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Catching Big Waves - a trader's journal of surfing the the markets
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Catching Big Waves - a trader's journal of surfing the the markets

  #1691 (permalink)
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I had no time whatsoever to watch the market today. But as one who has recently preferred to short this market, I feel vaildated.

And, I realize that is a dangerous thought.

I still cannot place the "pattern" I thought I saw, but it had not passed, and so IF I were trading I would have prioritized shorts.

It makes little sense that I believe there is upside pressure on the market. It makes no sense that if I had to sign my soul to a position I would have chosen "up". But I saw short as the near-term focus.

Knowing that a market that goes up or down, and therefore anyone has a 50% chance of being a short term Nostradamus, the feeling of satisfaction in having a prior preference for the resulting actual direction may be insignifcant and even foolish. And, I may be wrong for believing this. But I have watched this market with no mercy for roughly 5 years now, and still I "felt" something I considered more important than indicators, sentiment, Elliot wave...

Any study of the market is an attempt to quantify past motion, and distill it into future motion. Science does not like perpetual random outcome. It is understandable that there is an element most traders try to box in. Meanwhile, the future moves based on the present, and the present never stops to catch it's breath.

The best edges result from being directly wired into the motion, and the clues that gives. They are so quick, so subtle, so fluid. But they do exist.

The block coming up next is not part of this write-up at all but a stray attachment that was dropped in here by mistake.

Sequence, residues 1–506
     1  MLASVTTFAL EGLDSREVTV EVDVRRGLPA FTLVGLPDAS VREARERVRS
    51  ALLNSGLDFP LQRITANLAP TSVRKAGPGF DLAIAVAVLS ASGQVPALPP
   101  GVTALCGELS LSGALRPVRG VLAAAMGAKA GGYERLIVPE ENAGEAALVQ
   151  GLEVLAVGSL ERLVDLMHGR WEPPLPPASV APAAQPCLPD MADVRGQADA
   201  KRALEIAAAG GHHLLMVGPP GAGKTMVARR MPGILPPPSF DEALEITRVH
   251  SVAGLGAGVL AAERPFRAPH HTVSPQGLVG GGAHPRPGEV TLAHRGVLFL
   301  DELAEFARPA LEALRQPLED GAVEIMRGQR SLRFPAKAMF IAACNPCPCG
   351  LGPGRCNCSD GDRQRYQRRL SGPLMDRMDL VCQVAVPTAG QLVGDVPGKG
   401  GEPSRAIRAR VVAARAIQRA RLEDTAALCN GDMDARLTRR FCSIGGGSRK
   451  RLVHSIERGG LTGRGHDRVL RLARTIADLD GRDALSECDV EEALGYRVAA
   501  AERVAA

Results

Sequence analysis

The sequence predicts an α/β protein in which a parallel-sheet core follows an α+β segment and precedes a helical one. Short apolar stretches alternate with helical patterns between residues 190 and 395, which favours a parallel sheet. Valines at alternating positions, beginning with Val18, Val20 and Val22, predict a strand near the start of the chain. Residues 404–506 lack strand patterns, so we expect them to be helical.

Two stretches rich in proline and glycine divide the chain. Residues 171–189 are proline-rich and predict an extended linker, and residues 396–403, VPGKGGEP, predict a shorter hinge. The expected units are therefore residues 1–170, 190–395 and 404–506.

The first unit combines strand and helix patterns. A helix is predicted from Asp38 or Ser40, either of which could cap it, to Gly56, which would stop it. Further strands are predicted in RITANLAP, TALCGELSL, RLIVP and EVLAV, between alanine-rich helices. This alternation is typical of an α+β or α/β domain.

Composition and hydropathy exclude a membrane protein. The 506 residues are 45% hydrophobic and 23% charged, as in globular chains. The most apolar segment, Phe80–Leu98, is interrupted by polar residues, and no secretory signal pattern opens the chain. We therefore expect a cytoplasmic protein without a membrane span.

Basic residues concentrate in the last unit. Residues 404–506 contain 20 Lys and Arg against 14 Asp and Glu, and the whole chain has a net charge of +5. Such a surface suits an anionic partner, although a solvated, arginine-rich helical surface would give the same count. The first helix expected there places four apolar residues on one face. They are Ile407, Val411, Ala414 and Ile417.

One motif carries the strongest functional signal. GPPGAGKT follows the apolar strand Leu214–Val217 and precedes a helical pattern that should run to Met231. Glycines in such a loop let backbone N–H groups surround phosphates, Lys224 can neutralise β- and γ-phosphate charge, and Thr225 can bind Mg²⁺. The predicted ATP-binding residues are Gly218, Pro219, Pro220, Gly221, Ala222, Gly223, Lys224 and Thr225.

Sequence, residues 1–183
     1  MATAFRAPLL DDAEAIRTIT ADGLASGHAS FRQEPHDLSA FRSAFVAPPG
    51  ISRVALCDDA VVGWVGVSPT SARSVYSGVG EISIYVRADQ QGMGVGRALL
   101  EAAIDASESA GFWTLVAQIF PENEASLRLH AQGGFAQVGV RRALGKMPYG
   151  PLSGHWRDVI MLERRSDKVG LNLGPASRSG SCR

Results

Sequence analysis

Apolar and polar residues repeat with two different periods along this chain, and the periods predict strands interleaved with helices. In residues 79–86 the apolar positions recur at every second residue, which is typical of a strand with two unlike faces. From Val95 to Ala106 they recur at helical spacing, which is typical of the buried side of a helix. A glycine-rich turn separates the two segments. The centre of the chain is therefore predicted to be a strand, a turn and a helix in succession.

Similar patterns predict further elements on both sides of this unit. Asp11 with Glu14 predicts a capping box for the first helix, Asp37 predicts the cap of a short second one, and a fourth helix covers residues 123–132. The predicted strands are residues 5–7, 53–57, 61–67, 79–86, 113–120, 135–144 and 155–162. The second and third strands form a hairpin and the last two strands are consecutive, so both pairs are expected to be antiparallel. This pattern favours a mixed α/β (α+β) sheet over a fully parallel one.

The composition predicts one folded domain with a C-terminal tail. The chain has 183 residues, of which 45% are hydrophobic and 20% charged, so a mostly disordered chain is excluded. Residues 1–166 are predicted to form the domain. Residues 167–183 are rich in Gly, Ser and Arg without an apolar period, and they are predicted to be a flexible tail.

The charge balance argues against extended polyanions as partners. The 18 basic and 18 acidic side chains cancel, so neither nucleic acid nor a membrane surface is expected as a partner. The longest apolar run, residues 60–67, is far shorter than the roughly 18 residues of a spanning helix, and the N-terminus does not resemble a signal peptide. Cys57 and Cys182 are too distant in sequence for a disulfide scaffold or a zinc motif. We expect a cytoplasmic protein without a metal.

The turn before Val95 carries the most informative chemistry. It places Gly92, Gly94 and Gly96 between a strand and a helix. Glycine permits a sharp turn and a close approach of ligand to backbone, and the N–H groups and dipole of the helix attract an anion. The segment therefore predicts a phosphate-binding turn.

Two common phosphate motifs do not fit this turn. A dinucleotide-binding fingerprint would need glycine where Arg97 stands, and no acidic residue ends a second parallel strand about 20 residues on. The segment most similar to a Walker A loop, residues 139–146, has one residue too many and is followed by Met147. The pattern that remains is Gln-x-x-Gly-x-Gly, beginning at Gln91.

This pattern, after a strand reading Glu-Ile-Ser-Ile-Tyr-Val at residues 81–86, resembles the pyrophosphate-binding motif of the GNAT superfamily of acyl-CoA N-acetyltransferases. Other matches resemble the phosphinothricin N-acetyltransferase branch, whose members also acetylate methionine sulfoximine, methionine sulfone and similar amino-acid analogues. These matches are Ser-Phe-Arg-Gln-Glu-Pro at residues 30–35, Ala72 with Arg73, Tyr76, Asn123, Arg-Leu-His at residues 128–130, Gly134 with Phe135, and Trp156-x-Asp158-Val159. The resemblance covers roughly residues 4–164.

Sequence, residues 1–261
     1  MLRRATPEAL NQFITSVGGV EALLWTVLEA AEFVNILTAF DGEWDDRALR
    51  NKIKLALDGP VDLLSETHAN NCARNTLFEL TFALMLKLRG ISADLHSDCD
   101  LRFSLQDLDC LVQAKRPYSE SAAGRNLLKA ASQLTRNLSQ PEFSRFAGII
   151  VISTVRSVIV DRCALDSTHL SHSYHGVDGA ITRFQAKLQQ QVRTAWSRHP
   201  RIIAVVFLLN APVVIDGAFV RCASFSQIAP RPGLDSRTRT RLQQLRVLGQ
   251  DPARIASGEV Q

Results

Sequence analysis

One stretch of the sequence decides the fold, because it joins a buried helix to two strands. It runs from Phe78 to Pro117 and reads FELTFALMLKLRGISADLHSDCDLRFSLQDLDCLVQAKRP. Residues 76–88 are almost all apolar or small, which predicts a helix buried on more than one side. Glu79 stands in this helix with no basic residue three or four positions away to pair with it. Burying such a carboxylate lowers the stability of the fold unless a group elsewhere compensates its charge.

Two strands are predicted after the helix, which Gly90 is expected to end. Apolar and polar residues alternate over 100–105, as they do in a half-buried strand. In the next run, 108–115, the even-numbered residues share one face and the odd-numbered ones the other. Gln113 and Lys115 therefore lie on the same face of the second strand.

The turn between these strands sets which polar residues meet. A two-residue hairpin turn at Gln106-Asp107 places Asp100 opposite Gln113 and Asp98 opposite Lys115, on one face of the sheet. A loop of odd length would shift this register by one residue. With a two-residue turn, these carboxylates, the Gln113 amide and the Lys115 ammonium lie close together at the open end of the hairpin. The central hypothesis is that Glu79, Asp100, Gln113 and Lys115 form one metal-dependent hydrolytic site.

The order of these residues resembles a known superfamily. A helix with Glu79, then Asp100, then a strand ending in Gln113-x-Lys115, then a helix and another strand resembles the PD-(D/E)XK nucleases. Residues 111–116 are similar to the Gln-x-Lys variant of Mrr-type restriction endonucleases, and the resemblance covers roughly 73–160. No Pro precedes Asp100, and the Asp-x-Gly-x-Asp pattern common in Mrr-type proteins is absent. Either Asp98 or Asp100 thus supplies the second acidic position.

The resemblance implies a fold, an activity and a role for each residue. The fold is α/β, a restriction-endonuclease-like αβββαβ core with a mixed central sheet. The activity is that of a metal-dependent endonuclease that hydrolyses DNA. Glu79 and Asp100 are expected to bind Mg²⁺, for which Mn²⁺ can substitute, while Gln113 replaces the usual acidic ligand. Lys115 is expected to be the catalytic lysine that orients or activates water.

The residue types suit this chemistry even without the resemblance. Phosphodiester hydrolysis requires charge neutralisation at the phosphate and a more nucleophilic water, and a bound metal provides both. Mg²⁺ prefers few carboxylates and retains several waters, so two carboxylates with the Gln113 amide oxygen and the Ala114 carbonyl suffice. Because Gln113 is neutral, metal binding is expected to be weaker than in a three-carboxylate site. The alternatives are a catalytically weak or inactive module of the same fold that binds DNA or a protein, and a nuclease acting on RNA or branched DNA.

Last edited by GaryD; March 15th, 2012 at 01:56 AM. Reason: I don't know, trying to get it right
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The edited version is closer to what I am trying to say, but misses something that escapes every time I try to catch it. How can thought evaporate so quickly?

 
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I missed the day entirely, but the final moments of the transition fro open pit to die-hard electronic shows support as of today's close. It seemed like crude had a hard time finding a reason to move up, and fell by default.

 
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This is the only reason to have a journal IMO, not to post wins, show skill or wins but see how you felt and perhaps why you either acted in haste or missed signals. Do that Gary, change this journal into cataloguing only things you missed...not a one journal that does that here on futures.io (formerly BMT)...a journal with a difference. Because no one can demand to see you live trades or your explanations. No one has that right. That is the primary reason I stopped both of my blogs, after the euphoria of how "great" and "skilled" I was wore off...I realized the best learning came from the falls...and not from seeing my wins....a delicate balance between positive and negative re-enforcement.



A benefit of having a journal online is that there are occasionally posts from other traders that reverberate in my mind for days or even weeks after, pushing my thoughts in a new direction just far enough to increase my perception and understanding. This was one of them.